7. Conclusions

Diet plays a crucial role in the treatment of IBD [122]; however, no dietary component is considered responsible for the disease [64]. Thus, patients with IBD should be advised to eat a varied diet that meets their energetic and nutrients requirements, including dietary fibers [64]. In the literature, it is clear that IBD subjects tend to consume less fiber than healthy controls [66]. Studies have shown that fiber supplementation alone is unlikely to restore IBD patients’ microbiota to a healthy state [123].
IBD patients are more at risk of protein-energy malnutrition than the general population. They have difficulty in gaining weight and, especially those affected by CD, could have deficiencies in micronutrients such as iron, vitamin B12 and vitamin D [124,125,126,127].
All of these nutritional problems also have a serious psychosocial repercussion and worsen patients’ quality of life [128]. In fact, a majority of individuals with IBD believe that specific foods trigger their disease flares, although this belief is not supported by any study [129].
Our review aimed to evaluate the effects of dietary fibers in the two different types of IBD, Crohn’s disease and ulcerative colitis. Actually, there is no consensus on the type and the amount of dietary fibers to suggest in these two cases even when taking into consideration the phase of the disease. Further studies are necessary to determine the appropriate amount and type of fiber to suggest in the case of IBD.

Author Contributions

Conceptualization, C.D.R., A.A., Y.M.K. and M.P.L.G.; methodology, C.D.R., E.I. and C.S.; investigation, C.D.R., E.I. and C.S.; writing—original draft preparation, C.D.R., E.I. and C.S.; writing—review and editing, C.D.R., A.A., Y.M.K. and M.P.L.G., visualization, A.A., Y.M.K. and M.P.L.G., supervision, M.P.L.G., Y.M.K. and A.A. All authors have read and agreed to the published version of the manuscript.


This research received no external funding.

Informed Consent Statement

Not applicable.

Data Availability Statement

Not applicable.

Conflicts of Interest

The authors declare no conflict of interest.


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Table 1. Etiopathogenetic factors and its effects on IBD patients.
Table 1. Etiopathogenetic factors and its effects on IBD patients.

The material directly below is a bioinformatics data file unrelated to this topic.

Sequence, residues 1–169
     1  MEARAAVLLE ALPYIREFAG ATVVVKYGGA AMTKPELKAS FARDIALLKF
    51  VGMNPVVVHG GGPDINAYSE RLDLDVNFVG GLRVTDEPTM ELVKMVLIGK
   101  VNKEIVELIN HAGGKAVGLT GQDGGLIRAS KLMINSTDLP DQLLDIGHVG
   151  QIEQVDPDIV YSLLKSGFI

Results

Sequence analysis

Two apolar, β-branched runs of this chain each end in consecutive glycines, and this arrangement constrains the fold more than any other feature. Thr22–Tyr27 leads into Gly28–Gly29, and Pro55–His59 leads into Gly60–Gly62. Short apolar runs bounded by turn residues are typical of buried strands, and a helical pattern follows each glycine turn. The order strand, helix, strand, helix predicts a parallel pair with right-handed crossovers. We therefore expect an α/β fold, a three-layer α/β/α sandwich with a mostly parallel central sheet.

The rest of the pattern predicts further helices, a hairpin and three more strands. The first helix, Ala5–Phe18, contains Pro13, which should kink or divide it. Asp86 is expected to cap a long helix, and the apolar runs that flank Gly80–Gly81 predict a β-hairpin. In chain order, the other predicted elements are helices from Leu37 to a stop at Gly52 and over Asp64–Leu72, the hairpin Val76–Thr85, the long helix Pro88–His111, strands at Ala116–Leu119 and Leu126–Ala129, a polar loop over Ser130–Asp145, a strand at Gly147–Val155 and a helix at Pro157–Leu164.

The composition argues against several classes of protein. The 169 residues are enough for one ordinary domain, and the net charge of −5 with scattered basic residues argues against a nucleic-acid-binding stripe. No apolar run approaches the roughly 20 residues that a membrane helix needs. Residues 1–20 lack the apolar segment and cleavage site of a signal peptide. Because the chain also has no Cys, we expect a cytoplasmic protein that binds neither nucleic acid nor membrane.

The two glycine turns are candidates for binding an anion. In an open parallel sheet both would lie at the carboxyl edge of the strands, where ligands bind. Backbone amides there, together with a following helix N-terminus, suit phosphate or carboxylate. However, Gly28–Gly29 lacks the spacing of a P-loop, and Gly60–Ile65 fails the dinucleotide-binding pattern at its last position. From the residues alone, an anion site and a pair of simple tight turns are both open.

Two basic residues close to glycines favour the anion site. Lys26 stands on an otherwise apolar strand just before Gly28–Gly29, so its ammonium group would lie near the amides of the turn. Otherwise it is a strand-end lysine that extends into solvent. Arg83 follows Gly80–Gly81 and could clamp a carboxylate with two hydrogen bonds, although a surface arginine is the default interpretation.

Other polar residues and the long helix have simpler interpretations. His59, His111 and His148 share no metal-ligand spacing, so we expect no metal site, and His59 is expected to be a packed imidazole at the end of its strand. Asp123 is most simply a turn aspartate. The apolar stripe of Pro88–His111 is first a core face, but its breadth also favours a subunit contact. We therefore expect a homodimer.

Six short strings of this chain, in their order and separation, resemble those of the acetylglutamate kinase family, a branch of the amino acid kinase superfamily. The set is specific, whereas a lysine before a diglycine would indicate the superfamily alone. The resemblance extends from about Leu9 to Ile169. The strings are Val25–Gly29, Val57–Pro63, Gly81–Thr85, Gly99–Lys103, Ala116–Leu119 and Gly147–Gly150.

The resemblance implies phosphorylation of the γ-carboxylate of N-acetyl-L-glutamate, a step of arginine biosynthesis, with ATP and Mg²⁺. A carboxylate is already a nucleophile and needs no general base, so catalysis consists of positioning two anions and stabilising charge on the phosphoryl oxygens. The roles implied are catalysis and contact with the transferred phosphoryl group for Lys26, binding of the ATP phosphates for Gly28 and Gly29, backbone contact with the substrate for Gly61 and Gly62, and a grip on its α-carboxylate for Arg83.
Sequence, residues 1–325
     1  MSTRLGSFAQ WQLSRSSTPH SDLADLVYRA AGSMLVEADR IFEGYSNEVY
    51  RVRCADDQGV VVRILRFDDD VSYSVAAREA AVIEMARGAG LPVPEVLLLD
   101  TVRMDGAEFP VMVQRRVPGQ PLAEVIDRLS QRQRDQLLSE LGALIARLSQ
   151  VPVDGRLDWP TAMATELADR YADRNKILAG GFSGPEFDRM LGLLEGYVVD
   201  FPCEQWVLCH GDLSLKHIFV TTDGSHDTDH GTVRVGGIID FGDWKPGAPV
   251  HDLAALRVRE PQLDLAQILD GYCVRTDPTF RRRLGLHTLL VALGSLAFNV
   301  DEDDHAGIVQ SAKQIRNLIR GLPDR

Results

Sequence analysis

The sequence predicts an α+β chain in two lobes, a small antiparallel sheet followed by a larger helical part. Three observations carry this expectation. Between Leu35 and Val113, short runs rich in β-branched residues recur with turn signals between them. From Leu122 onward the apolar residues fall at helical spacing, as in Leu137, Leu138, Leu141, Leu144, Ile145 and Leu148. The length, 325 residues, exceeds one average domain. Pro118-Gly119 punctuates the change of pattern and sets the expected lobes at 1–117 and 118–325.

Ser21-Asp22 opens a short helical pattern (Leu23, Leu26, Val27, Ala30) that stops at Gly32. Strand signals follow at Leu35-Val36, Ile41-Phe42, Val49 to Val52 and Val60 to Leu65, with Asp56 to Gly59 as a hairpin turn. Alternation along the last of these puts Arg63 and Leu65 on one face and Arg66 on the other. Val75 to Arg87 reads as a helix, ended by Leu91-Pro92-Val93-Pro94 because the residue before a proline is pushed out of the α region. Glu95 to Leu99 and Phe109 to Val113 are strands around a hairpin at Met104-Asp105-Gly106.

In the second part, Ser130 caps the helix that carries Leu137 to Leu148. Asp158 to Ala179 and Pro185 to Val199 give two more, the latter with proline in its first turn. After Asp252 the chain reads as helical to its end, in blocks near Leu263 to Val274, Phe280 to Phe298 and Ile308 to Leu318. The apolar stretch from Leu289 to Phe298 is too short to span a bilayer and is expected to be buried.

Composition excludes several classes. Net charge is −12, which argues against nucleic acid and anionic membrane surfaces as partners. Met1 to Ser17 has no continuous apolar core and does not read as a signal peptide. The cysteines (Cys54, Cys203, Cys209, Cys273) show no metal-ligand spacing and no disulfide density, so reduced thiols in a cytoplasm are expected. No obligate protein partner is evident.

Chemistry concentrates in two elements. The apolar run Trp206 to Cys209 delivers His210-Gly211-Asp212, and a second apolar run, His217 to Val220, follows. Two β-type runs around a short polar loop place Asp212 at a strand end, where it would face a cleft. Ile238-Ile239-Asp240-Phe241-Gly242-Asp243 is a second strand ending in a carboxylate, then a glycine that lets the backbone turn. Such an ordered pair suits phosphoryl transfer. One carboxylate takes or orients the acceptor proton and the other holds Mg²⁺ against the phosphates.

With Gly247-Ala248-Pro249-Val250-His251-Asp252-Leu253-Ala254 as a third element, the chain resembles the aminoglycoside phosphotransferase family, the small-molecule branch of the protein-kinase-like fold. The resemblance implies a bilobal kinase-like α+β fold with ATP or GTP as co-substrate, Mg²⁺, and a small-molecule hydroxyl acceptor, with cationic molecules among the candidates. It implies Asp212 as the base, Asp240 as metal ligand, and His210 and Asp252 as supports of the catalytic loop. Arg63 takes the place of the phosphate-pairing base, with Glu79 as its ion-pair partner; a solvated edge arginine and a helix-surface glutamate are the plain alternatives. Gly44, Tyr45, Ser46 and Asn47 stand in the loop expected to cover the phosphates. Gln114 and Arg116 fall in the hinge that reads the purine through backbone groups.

Etiopathogenetic FactorsEffects
Genetic factorsNOD2 gene mutation [5,6,7,8,9,10,11]Alteration of intestinal immune homeostasis and components which maintain the mucus layer
ATG16L1 gene mutation [5,6,12,13,14,15]Paneth cell function in autophagy mechanisms is compromised, so protection against infection removing many intracellular microbes is reduced
Locus IBD5 alteration [16,17]Wrong codification of a group of cationic organic transporters, OCTN1 and OCTN2. Reduction in cells and tissues from oxidative and/or inflammatory damage
Locus IBD3 alteration [16]Wrong codification of Major Histocompatibility Complex (MHC)
Host-related factorsMicrobiota alteration [18,19]Lower production of anti-inflammatory and immunoregulatory metabolites, in particular butyrate—a lack of which may contribute to increased intestinal inflammation
Immune response [18,20,21,22]Hyperactivity of T cells with excessive production of cytokines, among which IL-12, il-23 and IFN-γ promote a TH1 and TH17 lymphocytic phenotype. The inhibition of the effector cytokines, such as TNF-α
Environmental factorsDiet [19,23]Red meat consumption has a pro-inflammatory effect. A high consumption of total fatty acids, polyunsaturated fatty acids (PUFAs), especially omega 6 fatty acids, increases the risk of developing both UC and CD
Cigarette smoking [16]Formation of fistulas and intestinal strictures increases the frequency of exacerbations and favors post-surgical relapses in CD. On the contrary, in UC, it seems to have a protective action and it is associated with less frequent flare-ups of the disease
Table 2. Symptoms and signs of CD vs. UC [25,26,27].